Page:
Unlike what the name implied, the desktop.ini file does not only exist on your desktop. It can be found in any folder on your computer with a customized appearance set to it. You can open a desktop.ini file with Notepad and change its contents. But it's not advisable to modify the texts if you have no idea what you are doing.
Icon file - It's used to change the icon of a folder. If you have a thumbnail file with the .ico extension in the folder you want to customize, you can set it as the folder's icon. For instance, you change the default folder icon to a cat.ico image, and then the text "IconFile=cat.ico" will appear in the desktop.ini file to save the change.
No, the desktop.ini file is not a virus. But some viruses may exploit the capabilities of the desktop.ini files. Be cautious when you set Windows not to reveal hidden files and protected operating system files, but the desktop.ini file still shows up. In that case, your computer may be infected by malware, and you should scan it with anti-virus software.
As we stated before, the desktop.ini files are usually hidden. When you see them suddenly appear on your desktop or other folders, you must have reset them to do so. Likely, you have accidentally configured your PC to show hidden files when you were editing File Explorer's settings or running an anti-virus program.
Although users are posting that they notice no change to the PC's appearance after deleting the two desktop.ini files on the desktop, we recommend you keep those generated by your system without you making any changes. Because they don't take up much space and removing them may cause other unexpected issues.
For those desktop.ini files created after you altered a folder's display, deleting them will do no harm but restore folders' view settings to the default. If you decide not to have the customized configuration, you can right-click on it and click Delete to move it to Recycle Bin. Or select the desktop.ini file and press Shift + Delete keys to remove it permanently.
We have a Windows 2008 R2 file server sharing home folders for about 600 users. These folders are mapped to a shared drive for each user when they log in on their own workstations, and that mapped drive is in turn set as the default location in the Documents library in windows on everyone's profile, including the default profile on each of our machines. Log in to a new machine for the first time, and your Documents library will point at the file server. For laptop users, we also use the Offline Files feature, so that this follows them even when they're away from work.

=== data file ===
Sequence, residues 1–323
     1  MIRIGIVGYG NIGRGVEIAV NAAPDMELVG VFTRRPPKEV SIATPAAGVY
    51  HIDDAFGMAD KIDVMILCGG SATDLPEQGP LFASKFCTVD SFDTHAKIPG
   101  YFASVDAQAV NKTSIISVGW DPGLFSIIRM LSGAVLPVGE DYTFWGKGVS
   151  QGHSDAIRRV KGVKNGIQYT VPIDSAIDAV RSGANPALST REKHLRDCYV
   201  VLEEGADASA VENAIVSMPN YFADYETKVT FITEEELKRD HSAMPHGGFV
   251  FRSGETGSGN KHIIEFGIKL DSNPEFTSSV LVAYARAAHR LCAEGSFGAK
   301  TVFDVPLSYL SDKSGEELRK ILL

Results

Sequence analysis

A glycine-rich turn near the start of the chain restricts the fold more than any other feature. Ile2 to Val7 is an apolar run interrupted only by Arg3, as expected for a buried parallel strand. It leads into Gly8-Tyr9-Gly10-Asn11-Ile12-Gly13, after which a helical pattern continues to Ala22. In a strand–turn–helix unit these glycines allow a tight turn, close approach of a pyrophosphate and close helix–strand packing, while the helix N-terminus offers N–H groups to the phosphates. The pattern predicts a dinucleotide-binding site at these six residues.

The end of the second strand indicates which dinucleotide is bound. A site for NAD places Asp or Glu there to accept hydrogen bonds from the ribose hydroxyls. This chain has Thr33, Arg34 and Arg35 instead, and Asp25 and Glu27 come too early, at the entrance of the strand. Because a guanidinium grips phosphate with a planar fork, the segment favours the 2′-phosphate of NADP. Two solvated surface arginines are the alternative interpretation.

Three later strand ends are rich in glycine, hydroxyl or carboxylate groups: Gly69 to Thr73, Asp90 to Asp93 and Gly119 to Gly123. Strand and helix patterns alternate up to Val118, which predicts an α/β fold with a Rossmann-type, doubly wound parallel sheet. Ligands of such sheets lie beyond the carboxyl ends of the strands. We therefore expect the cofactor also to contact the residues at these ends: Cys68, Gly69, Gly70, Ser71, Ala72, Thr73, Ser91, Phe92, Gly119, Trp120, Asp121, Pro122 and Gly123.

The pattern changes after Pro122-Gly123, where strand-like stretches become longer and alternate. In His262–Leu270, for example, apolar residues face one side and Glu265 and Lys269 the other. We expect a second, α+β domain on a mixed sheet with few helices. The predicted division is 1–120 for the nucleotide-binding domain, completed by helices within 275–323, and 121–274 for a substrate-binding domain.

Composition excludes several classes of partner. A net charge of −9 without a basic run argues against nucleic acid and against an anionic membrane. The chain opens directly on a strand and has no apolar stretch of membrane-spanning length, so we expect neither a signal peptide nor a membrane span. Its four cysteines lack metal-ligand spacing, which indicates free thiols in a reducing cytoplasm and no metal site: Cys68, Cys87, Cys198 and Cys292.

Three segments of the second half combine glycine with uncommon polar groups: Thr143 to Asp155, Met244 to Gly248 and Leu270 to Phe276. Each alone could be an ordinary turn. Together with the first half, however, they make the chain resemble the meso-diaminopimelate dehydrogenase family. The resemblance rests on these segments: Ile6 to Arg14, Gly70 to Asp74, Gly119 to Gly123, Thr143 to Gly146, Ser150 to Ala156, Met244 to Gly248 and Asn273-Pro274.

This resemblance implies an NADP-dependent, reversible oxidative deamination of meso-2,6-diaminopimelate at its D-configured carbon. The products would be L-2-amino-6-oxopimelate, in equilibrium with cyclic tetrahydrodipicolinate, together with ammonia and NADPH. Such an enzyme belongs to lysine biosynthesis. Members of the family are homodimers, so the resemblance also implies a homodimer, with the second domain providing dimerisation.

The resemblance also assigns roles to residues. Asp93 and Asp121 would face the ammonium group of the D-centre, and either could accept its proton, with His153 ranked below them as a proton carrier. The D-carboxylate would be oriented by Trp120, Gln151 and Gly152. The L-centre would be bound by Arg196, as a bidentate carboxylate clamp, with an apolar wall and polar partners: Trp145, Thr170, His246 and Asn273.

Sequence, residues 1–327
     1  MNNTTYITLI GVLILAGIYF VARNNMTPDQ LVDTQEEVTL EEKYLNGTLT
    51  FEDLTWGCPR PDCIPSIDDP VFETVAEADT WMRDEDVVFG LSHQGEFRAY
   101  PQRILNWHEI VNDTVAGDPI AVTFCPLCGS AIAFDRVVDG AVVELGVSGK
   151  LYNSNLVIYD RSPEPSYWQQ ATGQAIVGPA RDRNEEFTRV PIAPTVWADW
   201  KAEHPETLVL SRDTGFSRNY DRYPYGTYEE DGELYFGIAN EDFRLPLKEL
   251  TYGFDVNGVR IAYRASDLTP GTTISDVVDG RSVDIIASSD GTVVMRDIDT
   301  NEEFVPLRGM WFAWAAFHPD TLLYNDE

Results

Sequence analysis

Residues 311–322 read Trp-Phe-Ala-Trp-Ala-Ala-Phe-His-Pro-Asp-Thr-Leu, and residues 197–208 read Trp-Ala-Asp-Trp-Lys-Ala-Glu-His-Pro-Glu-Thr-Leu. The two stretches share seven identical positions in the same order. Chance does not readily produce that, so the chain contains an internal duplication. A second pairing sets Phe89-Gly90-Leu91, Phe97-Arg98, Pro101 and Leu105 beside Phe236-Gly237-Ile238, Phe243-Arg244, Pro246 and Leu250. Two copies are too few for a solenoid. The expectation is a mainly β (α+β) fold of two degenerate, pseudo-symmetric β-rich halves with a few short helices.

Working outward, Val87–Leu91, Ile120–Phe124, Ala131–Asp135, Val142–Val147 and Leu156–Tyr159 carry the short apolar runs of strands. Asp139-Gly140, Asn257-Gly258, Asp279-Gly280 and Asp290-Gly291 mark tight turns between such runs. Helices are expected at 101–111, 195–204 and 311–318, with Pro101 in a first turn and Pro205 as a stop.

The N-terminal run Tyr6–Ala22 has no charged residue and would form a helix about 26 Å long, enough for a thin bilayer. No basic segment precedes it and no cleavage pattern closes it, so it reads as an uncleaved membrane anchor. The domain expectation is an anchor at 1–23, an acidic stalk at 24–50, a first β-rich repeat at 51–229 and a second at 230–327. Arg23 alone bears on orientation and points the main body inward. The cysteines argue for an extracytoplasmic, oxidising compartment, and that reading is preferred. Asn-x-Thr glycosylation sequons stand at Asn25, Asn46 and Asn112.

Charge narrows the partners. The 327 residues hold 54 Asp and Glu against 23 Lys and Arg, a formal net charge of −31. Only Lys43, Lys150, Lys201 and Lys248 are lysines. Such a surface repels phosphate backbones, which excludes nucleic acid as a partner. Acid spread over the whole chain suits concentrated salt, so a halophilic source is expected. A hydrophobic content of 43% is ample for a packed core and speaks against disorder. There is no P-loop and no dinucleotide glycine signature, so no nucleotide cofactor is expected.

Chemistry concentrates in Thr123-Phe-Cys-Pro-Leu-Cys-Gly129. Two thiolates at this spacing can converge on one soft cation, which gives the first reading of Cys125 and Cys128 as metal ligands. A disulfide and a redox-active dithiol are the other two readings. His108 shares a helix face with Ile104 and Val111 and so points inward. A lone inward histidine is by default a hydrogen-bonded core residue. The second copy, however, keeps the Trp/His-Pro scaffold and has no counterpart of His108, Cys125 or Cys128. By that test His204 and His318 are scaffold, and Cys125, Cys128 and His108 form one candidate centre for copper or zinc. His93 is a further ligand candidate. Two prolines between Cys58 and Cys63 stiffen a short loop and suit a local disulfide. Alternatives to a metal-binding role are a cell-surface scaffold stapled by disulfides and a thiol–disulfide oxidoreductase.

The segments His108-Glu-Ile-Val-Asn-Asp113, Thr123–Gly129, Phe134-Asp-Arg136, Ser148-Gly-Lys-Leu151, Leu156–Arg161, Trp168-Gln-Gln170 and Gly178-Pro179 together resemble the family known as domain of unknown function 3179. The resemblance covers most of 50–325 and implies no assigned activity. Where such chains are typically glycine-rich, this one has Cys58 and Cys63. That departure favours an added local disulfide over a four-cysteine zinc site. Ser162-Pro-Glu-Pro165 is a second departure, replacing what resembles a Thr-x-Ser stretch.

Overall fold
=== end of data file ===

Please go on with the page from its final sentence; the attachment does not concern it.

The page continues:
Edit:To quickly blow away all desktop.ini files from the entire shared folder structure use the following command: (WARNING: This WILL remove user customizations for their folders, icons, layout settings? etc.)
By now, many of us have seen customized folders in Windows XP and earlier, i.e. folders like My Documents, My Pictures and so on. Well this is accomplished by setting the folder as a System folder and placing a file named desktop.ini into the same folder.
Then I tried creating the folder with Total Commander and copying the content of the original folder with copy and paste, and now the folder is displayed correctly on TC. But Explorer shows me TWO folders with EXACTLY THE SAME NAME! (When I created the folder in TC, and because the name is long and complex, I've copied and pasted the NAME of the folder so I'm COMPLETELY SURE that the name is THE SAME).
Given the important role of folders in Windows, not only in their ability to store our personal data, but in the way they're used to organize the files that comprise the operating system, it should not be surprising that there are lots of cool things you can do with them. The next few solutions should illustrate the flexibility of Windows XP, and the lengths one can go to accomplish just about anything.
The more global and far-reaching a change is, the more likely it is to be difficult or impossible to accomplish without some serious tinkering in the Registry. An example are the icons used by some of the seemingly hard-coded objects in Windows, such as the icons used for ordinary, generic folders:
There's a bug in Windows Explorer that may prevent your custom icon from being used in certain circumstances. The icon will appear whenever you view folders on the desktop or in single-folder windows, but if you open an Explorer window directly (explorer.exe), the old yellow icons will still appear. The way around this is to right-click a folder icon and select Explore, which will display a true Explorer window (with the tree) using your custom icon.
The inherent problem with Window Shortcuts is that they are files, and as such, have the same limitations as files. They are sorted in Explorer with the rest of the files; shortcuts to folders are not grouped with folders as you might expect. Furthermore, shortcuts to folders cannot be specified in a path. For example, if you were to create a shortcut to the folder d:\Yokels\Cletus, name the shortcut Cletus, and then place the shortcut in c:\Brandine, you wouldn't be able to reference files stored in d:\Yokels\Cletus by using the path c:\Brandine\Cletus.